Cancer Patients See Changes at the Cellular Level From Meditation and Therapy Sessions
September 23rd, 2015 by Holly Cornish
It’s been about a year and a half since I wrote to you about spontaneous remission and the power of mind-body medicine (see Newsletter #398).
I’m happy to report some fantastic things are taking place in this field. Scientific research is showing strong support for the therapeutic value of meditation and similar practices, and more health practitioners are embracing them.
In fact, scientists now know that healthy changes take place at the level of individual cells if you engagee in these practices. Keep reading for the full story. . .
The #1 WORST Thing for Diabetes Found in Today’s Healthiest Foods?
The vitamins and supplements you’re taking… may be making you sick…
As a board-certified doctor with more than 30 years of medical experience, I have access to some of today’s latest health discoveries from leading universities…
There’s one nutrient, found in most multivitamins (and even in lots of foods) that can actually increase your risk of type 2 diabetes by up to 50%!
Click here to find out everything about this nutrient plus more “vitamin lies and deceptions” that you need to see… before it’s too late.
Newsflash: Meditation improves physical wellness
It’s pretty well-known that meditation and other mind-body therapies provide emotional benefits, such as helping you de-stress and develop a more positive outlook on life. But recent research shows that meditation also produces measurable physical benefits, especially if you’re a cancer survivor.
I’m referring to some fascinating findings recently published in the journal Cancer. In a randomized, controlled study, researchers examined whether mindfulness-based cancer recovery helps breast cancer survivors on a physical level.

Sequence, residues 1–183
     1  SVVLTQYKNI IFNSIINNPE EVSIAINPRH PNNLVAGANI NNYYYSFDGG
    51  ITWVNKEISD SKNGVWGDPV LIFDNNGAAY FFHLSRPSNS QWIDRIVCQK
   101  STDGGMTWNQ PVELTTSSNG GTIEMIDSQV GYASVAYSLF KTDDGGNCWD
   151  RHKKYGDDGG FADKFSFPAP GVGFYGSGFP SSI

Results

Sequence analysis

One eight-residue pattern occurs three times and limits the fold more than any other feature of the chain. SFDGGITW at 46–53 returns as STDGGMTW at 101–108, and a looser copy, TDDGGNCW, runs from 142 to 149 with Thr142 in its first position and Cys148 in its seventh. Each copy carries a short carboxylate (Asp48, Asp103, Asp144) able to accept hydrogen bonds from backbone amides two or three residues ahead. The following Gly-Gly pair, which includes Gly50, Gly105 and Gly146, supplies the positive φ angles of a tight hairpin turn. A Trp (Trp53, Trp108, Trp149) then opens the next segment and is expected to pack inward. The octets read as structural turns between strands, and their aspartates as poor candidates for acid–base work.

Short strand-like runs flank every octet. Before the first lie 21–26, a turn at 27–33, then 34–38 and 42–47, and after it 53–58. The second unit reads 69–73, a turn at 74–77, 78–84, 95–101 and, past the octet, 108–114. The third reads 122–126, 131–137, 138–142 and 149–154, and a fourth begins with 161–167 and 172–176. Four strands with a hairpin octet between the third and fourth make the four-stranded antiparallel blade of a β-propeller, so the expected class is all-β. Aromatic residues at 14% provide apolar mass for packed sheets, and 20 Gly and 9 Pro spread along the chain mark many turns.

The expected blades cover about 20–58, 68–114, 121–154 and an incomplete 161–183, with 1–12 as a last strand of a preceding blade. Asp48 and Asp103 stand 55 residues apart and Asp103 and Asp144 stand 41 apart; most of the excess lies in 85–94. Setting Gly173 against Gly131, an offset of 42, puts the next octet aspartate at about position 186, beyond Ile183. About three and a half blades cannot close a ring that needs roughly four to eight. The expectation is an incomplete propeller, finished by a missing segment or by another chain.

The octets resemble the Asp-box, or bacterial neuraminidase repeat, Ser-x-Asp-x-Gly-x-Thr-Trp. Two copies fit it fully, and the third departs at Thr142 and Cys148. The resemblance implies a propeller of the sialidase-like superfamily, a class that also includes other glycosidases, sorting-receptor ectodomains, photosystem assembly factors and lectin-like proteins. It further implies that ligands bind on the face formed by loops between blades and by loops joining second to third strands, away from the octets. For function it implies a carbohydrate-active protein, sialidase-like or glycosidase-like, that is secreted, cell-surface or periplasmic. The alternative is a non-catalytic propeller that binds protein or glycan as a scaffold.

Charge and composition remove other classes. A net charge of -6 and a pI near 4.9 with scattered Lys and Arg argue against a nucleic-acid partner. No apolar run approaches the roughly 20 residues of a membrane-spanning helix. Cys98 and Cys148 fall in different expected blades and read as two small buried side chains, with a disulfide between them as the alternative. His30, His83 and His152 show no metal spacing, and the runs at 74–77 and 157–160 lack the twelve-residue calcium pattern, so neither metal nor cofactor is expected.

The researchers worked with three groups of breast cancer survivors: A control group, plus two groups who received interventions involving mind-body therapies.
One of the groups was trained in mindful meditation and gentle Hatha yoga. Each week for eight weeks, participants attended an hour-and-a-half session. They were also asked to practice their meditation and yoga at home, daily, for 45 minutes at a time.
The second group underwent group therapy with a focus on emotional expression. They met once a week for an hour and a half in a group setting where they were encouraged to talk and share their concerns and feelings.
The control group attended a single, six-hour stress management seminar.
There were 88 participants in all, and each had completed their treatment at least three months prior to the study. All were over age 55 and had experienced significant levels of emotional distress (a requirement to participate in the study).
You could see the results in their cells
The results of the study were striking. Researchers measured telomere length of the participants over a three-month period and found that both of the groups who received longer-term psychosocial interventions had a trend toward maintaining their telomere length. Those in the control group saw their telomere length decrease.